(MED) is an enhancement of LLDP known as LLDP-MED [ANSI/TIA-1057].
   The LLDP-MED enhancements specifically address voice applications.
   LLDP-MED covers 6 basic areas: capabilities discovery, LAN speed and
   duplex discovery, network policy discovery, location identification
   discovery, inventory discovery, and power discovery.

A.2.  Existing standards of other bodies

A.2.1.  DMTF

   The DMTF has defined a power state management profile [DMTF.DSP1027]
   that is targeted at computer systems.  It is based on the DMTF's
   Common Information Model (CIM) and it is rather an entity profile
   than an actual energy consumption monitoring standard.

   The power state management profile is used to describe and to manage
   the power state of computer systems.  This includes e.g. means to
   change the power state of an entity (e.g. to shutdown the entity)
   which is an aspect of but not sufficient for active energy
   management.

A.2.2.  OVDA

   ODVA is an association consisting of members from industrial
   automation companies.  ODVA supports standardization of network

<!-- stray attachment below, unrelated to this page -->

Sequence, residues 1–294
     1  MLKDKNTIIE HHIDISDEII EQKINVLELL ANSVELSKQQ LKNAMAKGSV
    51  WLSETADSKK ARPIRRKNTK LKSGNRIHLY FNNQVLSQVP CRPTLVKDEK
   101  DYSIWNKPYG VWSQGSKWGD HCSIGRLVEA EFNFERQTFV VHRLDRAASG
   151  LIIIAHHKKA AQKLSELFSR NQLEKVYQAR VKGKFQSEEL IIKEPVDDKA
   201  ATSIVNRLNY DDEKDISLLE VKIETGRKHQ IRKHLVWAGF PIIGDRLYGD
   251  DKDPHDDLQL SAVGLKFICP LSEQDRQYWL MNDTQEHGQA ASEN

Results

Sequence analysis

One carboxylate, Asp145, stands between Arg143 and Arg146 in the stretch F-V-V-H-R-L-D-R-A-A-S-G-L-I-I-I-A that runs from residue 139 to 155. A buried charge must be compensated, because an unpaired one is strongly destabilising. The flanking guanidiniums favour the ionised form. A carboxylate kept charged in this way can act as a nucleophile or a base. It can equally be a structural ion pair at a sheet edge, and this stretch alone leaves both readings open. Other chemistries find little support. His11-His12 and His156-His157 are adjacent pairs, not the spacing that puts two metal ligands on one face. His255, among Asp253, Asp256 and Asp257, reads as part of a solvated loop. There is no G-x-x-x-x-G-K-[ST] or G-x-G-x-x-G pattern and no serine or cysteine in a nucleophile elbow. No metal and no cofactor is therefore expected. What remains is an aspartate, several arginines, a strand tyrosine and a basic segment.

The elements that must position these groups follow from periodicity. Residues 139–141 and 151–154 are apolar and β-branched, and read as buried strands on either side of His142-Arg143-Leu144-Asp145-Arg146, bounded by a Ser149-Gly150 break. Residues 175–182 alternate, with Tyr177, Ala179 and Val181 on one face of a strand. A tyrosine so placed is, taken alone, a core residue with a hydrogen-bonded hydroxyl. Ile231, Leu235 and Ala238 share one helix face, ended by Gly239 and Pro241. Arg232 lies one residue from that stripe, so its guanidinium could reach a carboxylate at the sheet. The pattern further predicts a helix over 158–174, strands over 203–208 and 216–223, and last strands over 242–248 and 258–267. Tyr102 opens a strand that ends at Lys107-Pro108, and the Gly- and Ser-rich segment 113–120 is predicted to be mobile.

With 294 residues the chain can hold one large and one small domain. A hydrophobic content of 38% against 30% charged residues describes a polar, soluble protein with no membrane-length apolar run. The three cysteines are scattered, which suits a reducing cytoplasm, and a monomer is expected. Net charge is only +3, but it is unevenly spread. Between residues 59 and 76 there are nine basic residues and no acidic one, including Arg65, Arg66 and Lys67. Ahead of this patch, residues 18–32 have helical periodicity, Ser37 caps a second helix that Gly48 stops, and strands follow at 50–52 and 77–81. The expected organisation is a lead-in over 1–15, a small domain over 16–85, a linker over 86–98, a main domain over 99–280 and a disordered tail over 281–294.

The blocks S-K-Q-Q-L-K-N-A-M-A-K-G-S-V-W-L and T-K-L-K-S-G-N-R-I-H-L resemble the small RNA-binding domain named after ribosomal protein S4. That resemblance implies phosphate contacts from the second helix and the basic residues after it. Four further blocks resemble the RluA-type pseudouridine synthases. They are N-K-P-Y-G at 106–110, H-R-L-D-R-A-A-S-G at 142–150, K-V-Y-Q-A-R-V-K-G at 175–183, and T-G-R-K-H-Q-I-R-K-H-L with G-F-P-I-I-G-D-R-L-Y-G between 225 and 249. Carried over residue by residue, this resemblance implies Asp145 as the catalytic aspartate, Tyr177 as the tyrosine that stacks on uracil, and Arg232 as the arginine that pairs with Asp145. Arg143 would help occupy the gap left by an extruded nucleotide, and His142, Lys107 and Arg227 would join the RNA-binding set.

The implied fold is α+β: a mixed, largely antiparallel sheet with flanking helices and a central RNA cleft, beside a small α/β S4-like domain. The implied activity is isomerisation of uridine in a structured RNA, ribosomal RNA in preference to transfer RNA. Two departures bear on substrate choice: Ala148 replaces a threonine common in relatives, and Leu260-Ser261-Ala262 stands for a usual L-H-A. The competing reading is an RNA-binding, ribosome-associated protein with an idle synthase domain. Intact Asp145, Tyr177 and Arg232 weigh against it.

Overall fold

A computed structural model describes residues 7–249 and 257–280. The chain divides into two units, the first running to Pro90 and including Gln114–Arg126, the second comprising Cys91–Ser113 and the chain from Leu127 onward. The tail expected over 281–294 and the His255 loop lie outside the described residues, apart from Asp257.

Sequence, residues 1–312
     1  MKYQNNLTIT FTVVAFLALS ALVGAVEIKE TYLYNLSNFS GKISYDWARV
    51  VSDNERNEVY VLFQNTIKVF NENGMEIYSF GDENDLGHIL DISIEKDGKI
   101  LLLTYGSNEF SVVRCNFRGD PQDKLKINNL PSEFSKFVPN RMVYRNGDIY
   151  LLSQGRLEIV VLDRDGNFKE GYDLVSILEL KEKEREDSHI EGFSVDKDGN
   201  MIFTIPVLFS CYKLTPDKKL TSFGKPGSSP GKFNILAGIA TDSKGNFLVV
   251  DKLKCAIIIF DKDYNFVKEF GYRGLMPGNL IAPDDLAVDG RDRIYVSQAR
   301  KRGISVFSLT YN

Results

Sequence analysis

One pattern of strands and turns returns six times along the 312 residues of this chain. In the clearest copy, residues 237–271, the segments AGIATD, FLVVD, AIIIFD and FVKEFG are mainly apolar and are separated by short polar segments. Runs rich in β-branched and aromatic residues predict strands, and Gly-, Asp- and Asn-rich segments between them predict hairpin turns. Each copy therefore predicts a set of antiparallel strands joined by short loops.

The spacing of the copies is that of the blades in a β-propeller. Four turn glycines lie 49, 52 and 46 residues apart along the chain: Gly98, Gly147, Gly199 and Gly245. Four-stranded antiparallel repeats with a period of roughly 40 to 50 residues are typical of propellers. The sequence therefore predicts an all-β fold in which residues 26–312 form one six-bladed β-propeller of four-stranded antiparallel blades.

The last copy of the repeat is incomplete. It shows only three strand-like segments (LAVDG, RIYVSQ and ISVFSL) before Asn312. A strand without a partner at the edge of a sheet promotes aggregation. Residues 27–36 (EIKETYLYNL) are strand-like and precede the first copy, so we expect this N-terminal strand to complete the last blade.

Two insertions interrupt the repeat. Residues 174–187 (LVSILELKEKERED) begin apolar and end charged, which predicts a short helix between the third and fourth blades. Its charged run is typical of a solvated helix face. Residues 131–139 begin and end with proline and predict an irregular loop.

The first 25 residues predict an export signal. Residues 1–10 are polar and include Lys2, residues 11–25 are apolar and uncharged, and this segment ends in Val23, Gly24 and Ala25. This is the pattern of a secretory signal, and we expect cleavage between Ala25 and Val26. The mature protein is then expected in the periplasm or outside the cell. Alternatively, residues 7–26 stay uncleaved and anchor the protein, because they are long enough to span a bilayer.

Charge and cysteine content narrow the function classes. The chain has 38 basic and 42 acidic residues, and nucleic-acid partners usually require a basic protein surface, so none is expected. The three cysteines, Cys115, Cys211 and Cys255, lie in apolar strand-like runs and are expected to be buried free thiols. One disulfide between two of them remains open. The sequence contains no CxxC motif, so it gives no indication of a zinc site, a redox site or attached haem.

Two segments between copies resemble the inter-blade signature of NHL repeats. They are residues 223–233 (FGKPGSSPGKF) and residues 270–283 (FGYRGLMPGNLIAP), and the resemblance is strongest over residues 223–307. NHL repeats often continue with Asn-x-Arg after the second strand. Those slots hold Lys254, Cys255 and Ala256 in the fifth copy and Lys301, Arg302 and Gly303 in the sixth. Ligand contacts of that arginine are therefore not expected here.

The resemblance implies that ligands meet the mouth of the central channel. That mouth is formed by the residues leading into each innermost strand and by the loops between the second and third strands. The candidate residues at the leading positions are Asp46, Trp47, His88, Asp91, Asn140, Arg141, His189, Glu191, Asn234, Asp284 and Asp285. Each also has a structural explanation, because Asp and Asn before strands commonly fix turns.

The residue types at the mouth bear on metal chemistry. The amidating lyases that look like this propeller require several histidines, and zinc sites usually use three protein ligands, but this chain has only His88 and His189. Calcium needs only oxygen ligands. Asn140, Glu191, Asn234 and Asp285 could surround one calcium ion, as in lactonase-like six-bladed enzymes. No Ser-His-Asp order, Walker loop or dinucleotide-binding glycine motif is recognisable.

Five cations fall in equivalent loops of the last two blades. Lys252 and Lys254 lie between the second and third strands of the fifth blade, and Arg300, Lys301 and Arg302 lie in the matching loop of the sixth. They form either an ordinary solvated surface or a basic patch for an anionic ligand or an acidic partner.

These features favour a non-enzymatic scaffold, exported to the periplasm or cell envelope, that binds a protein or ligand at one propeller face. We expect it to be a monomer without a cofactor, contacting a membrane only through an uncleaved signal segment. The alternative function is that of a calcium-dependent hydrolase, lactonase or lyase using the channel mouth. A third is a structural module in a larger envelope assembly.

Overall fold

technologies based on the Common Industrial Protocol (CIP).  Within
   ODVA, there is a special interest group focused on energy and
   standardization and inter-operability of energy aware entities.

A.2.3.  IEEE-ISTO Printer WG

   The charter of the IEEE-ISTO Printer Working Group is for open
   standards that define printer related protocols, that printer
   manufacturers and related software vendors shall benefit from the



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   interoperability provided by conformance to these standards.  One
   particular aspect the Printer WG is focused on is power monitoring
   and management of network printers and imaging systems PWG Power